The setting and story of ”WIVES AND DAUGHTERS” - or at least most of them – seemed to perfectly represent this precarious stage in Britain’s history in which the country found itself balanced between the static world of the Georgian period and the social and scientific upheavals that ushered in the Victorian Age. Davies and Renton manifested this in Molly’s coming-of-age story, which included her father’s reluctance to allow her to develop into an adult and her relationship with Cynthia. The screenwriter and the director also manifested this precarious stage in the relationship between Squire Hamley and his two sons – Obsbourne and Roger. As for the latter, many believe that Gaskell based his character on her distant cousin, the naturalist Charles Darwin who became a prominent figure in the Victorian Age’s scientific community.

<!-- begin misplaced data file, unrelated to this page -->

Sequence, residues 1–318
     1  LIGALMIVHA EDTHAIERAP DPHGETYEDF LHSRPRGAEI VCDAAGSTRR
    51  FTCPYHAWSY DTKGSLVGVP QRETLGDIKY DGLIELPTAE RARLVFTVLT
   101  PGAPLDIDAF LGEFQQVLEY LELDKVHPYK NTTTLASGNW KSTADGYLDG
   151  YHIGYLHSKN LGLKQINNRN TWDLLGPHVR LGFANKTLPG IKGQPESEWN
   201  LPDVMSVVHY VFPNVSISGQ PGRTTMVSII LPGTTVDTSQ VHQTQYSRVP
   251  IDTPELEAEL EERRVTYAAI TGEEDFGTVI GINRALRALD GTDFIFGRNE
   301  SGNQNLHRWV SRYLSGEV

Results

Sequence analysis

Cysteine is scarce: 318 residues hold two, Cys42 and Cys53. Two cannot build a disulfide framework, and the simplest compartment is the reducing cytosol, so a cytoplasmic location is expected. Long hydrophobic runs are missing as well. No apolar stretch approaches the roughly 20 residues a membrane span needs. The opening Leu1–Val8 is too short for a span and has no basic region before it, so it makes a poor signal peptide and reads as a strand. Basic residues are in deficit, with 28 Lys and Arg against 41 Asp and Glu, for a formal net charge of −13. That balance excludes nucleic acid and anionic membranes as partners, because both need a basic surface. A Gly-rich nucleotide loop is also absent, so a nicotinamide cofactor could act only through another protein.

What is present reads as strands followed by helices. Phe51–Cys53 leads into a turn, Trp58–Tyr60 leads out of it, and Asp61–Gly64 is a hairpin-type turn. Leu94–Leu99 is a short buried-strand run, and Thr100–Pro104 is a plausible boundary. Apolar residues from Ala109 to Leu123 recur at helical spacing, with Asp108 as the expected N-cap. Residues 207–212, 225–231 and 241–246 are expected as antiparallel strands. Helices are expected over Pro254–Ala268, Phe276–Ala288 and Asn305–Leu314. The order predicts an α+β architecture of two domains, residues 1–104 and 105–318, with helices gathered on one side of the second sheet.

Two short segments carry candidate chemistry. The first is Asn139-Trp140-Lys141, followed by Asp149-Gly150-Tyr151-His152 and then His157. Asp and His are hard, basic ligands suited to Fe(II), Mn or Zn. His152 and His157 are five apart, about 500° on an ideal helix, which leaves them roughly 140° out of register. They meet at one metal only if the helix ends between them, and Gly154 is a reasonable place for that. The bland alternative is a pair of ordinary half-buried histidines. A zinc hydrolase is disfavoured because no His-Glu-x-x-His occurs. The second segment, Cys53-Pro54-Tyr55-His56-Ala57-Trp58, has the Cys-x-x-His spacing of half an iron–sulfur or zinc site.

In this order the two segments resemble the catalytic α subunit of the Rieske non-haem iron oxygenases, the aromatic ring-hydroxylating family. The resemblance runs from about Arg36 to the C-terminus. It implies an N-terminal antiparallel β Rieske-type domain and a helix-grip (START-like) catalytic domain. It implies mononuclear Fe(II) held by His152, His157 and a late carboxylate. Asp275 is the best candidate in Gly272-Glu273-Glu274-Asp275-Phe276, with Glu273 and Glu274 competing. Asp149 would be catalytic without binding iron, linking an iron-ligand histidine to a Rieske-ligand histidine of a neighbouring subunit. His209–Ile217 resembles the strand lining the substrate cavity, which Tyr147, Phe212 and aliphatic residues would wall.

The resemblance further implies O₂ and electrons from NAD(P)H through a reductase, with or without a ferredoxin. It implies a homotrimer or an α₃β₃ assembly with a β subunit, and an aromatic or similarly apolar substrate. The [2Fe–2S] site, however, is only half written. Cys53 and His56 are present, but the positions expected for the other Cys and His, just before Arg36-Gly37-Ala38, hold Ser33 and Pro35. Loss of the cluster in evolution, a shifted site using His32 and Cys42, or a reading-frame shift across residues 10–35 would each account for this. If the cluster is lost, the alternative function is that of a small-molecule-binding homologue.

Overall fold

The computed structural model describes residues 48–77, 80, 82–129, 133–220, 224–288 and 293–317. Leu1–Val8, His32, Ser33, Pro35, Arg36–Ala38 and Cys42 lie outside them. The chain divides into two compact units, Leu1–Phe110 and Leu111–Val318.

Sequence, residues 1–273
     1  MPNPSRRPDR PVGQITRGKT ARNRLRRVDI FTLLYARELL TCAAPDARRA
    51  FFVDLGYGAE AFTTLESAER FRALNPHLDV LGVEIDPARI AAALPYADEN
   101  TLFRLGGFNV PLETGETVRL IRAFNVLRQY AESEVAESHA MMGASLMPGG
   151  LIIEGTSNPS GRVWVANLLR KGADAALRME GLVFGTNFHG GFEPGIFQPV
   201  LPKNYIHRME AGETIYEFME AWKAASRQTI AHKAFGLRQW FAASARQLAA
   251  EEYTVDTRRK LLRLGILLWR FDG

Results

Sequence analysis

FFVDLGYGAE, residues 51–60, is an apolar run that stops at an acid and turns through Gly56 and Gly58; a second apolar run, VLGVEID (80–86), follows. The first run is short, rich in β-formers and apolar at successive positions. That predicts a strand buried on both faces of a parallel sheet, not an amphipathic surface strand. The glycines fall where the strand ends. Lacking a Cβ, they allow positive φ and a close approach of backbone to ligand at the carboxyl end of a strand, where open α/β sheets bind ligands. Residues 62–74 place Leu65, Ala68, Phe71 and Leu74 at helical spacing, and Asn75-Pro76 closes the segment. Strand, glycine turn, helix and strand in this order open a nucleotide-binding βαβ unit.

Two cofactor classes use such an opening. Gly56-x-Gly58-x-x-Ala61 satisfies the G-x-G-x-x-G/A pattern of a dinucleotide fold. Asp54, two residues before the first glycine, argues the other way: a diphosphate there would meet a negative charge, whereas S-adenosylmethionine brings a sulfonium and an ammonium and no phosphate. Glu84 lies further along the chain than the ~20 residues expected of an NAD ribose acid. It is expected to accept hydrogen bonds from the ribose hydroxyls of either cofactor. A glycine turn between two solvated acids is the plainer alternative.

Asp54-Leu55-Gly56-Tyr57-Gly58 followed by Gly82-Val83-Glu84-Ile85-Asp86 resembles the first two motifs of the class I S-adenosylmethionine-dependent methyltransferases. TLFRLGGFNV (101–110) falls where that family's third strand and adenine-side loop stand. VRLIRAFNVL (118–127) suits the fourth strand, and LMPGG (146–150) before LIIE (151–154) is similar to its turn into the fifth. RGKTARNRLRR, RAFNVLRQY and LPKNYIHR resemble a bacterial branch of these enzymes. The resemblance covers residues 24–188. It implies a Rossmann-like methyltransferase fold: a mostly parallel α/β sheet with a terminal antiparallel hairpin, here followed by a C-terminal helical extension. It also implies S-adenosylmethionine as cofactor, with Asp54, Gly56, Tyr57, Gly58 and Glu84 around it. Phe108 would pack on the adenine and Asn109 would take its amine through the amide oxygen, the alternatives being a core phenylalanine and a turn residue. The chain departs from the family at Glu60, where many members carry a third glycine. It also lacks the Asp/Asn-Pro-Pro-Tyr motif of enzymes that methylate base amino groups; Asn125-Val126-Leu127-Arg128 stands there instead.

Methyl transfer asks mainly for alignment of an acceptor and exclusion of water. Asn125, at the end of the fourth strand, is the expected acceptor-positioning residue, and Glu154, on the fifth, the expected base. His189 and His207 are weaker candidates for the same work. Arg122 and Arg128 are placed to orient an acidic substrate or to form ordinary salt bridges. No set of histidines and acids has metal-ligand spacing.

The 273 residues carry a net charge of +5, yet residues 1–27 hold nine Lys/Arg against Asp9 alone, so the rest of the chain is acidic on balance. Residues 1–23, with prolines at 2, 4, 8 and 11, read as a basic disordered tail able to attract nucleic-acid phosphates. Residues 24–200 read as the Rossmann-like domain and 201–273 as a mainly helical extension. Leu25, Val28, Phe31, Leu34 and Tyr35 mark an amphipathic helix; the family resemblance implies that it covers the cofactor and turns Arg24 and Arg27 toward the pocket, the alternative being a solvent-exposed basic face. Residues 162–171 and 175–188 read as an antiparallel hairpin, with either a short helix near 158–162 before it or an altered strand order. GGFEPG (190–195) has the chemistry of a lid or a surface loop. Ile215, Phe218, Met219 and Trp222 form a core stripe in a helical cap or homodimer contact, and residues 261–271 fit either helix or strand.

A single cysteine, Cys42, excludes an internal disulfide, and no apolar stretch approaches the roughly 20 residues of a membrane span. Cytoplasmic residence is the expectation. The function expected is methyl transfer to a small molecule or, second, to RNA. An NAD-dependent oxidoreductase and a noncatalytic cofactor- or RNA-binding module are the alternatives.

Davies and Renton also did an excellent job of exploring the in-depth emotions of familial and romantic love in ”WIVES AND DAUGHTERS” also explored the in-depth emotions of familial and romantic love. Molly’s close relationship with her father – fully explored in Episode One – eventually grew weaker due to Dr.Gibson’s attempts to keep her close and at an adolescent stage. I found it interesting that although Squire Hamley grew to adore Molly, he made it clear to the doctor that he would never consider her – the daughter of a country doctor – as a suitable wife for either of his sons. Yet, Roger Osborne ended up married to a young French woman beneath his social station, and Roger eventually became engaged to Dr. Gibson’s step-daughter, Cynthia and married to Molly by the end of the series. Already, Victorian Britain’s social upheavals – at least in ”WIVES AND DAUGHTERS” - had began to rear its head. Cynthia’s love life, which turned out to be the best plotline in the story – also turned Molly’s life upside-down and forced her onto the path of adulthood.